Appeals & Response Plans
Headlines (last 30 days)
Most read reports
- IOM: A third of Afghans have migrated or been displaced since 2012: IOM. 21 May 2019
- Nutrition Cluster: Afghanistan - Prevalence of Global Acute Malnutrition (GAM) - March 2019. 23 May 2019
- ECHO: Afghanistan - Attacks on health facilities (DG ECHO, Partners) (ECHO Daily Flash of 23 May 2019). 23 May 2019
- FEWS NET: Afghanistan Seasonal Monitor: May 22, 2019. 23 May 2019
- UN News: Around 600,000 Afghan children face death through malnutrition without emergency funds: UNICEF. 24 May 2019
Richmond, Va. - Monday, Dec. 22, 2008 - Forrest Ewens - a first lieutenant in the U.S. Army - had a knack for putting a smile on a child's face in Afghanistan, often sneaking treats to them.
"Forrest had a real heart for the children in Afghanistan," Ewens'mother, Carol, said. "When he wrote home, he would write more about the help he was able to provide to the local people rather than his military adventures."
Forrest was 25 when he was killed in the line of duty in 2006.
Richmond, Va. - December 1, 2008 - Mohamad Shar, a Christian Children's Fund (CCF) staff member, was killed Nov. 30 in Kabul, Afghanistan, when a suicide bomber attacked a passing military vehicle. Shar was 52 years old and had worked for CCF for 18 months.
"We are deeply saddened by this senseless death," said Anne Goddard, President of CCF.
By Kirsten Hongisto, Regional Communications Manager
Harsh weather conditions including frigid temperatures and heavy snows over the past two months have lead to hundreds of deaths-- mostly children and the elderly- in Afghanistan. Many families do not have the resources to stay warm or are trapped by the snow.
Heavy snows combined with cold temperatures have hit north eastern Afghanistan, especially Takhar province where CCF has been working for the last six years.
Aminullah's First Lessons: Simple Words in the Sand
In Baghlan Province, Afghanistan, a staggering 89 percent of women are illiterate, leaving many villages void of a single woman that can read or solve basic arithmetic. Facts such as these do not bode well for the economic future of Afghan women.
Christian Children's Fund (CCF), working in Afghanistan as ChildFund Afghanistan (CFA) has received a $4.7 million grant to turn former Afghanistan warlord fighters into farmers and entrepreneurs by providing vocational training and job generation to more than 4,500 ex-combatant soldiers.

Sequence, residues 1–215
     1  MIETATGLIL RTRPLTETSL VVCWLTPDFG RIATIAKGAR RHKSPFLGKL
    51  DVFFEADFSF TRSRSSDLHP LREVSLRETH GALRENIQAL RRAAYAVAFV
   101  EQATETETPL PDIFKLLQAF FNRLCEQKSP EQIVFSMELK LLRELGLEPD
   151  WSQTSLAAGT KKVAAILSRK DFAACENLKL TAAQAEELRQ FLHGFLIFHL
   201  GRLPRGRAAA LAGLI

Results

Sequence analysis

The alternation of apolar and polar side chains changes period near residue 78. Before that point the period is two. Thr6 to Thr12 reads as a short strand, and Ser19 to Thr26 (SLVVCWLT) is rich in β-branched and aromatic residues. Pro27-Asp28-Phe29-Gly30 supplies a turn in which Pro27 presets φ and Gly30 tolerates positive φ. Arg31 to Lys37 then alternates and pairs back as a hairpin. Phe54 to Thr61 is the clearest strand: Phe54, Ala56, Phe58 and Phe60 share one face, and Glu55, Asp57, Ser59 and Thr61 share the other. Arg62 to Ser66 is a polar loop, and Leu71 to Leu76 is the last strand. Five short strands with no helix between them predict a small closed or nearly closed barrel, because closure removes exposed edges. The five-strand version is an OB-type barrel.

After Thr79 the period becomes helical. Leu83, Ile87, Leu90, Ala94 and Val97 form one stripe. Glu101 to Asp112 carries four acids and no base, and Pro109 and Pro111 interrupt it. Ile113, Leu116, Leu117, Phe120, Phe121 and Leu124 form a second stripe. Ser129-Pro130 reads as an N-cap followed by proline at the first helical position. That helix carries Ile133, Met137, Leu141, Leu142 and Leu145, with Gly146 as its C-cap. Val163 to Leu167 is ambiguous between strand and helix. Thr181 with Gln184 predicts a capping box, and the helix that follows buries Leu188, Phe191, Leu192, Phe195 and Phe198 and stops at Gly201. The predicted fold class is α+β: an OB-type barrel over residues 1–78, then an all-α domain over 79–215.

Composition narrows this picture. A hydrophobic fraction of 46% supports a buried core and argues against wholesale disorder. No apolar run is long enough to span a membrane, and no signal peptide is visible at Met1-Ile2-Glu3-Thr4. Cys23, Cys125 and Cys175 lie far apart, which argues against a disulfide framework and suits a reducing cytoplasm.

US Agency for International Development (USAID) awarded a $4.6 million grant to the NGO Consortium for the Psychosocial Care and Protection of Children, consisting of Christian Children's Fund (CCF), International Rescue Committee (IRC,) and Save the Children Federation (SC).
War-affected Afghan children and youth continue to be the most vulnerable and at-risk group since the fall of the Taliban in 2001.
Assessment of CCF's emergency entry program into Afghanistan, its impact on child well-being and protection
Protection is an increasingly prominent priority for the humanitarian community. However, despite this development, child protection remains a low priority in most emergencies. The gap in protection is unacceptable since children typically comprise half the population in emergency situations.
US Agency for International Development (USAID) awarded a $2 million grant to the NGO Consortium for the Psychosocial Care and Protection of Children, consisting of Christian Children's Fund (CCF), International Rescue Committee (IRC), and Save the Children Federation (SC).
By Alexis Klaits, Christian Children's Fund development staff member in northern Afghanistan
Following decades of fighting, neglect and poverty, the educational system in Afghanistan is in ruins - both the physical infrastructure and intellectual foundation. Since beginning work in Afghanistan in December 2001, Christian Children's Fund (CCF), working as Child Fund Afghanistan, has sought to actively rebuild the Afghan education system in northeast Afghanistan. The areas in which CCF works were frontline war zones. The landscape still bears the physical reminders of decades of armed conflict.
Since January of this year CCF has been helping Afghan children recover from years of war and begin an education. At the same time, we want to help adults gain job skills by employing them in rebuilding schools, wells, sanitation and more.
Christian Children's Fund (CCF) has received a UN grant totaling $763,000 to provide shelter, water, income generating activities, educational programs and teacher training in northern Afghanistan. CCF's cost sharing portion of the grant is $184,390. CCF has been working in northern Afghanistan under the name of Child Fund Afghanistan since November, opening child centers where children have gone for education and other normalizing activities to help them heal from the trauma of years of civil conflict in Afghanistan.
CCF has signed an agreement with UNICEF to serve as the "implementing partner" in the Afghanistan government's back to school program for the provinces of Kunduz and Takhar. CCF staff is helping with the distribution of 115,000 packets of school materials 89,000 school books.
Eighty CCF Child Centered Spaces are now up and running in the northern Afghan provinces of Kunduz, Takhar and Badakshan. These 80 spaces, staffed by former teachers hired by CCF, are serving approximately 13,600 children.
43 CCF Child Centered Spaces are now up and running in three provinces in northern Afghanistan including the provinces of Kunduz, Takhar and Badakshan. These 43 spaces, staffed by former teaches (hired by CCF), are serving approximately 8,600 children.
CCF has been designated by the International Organization for Migration as the non-governmental organization for education and child protection in Northern Afghanistan.
CCF continues to expand its work with children and families in Afghanistan.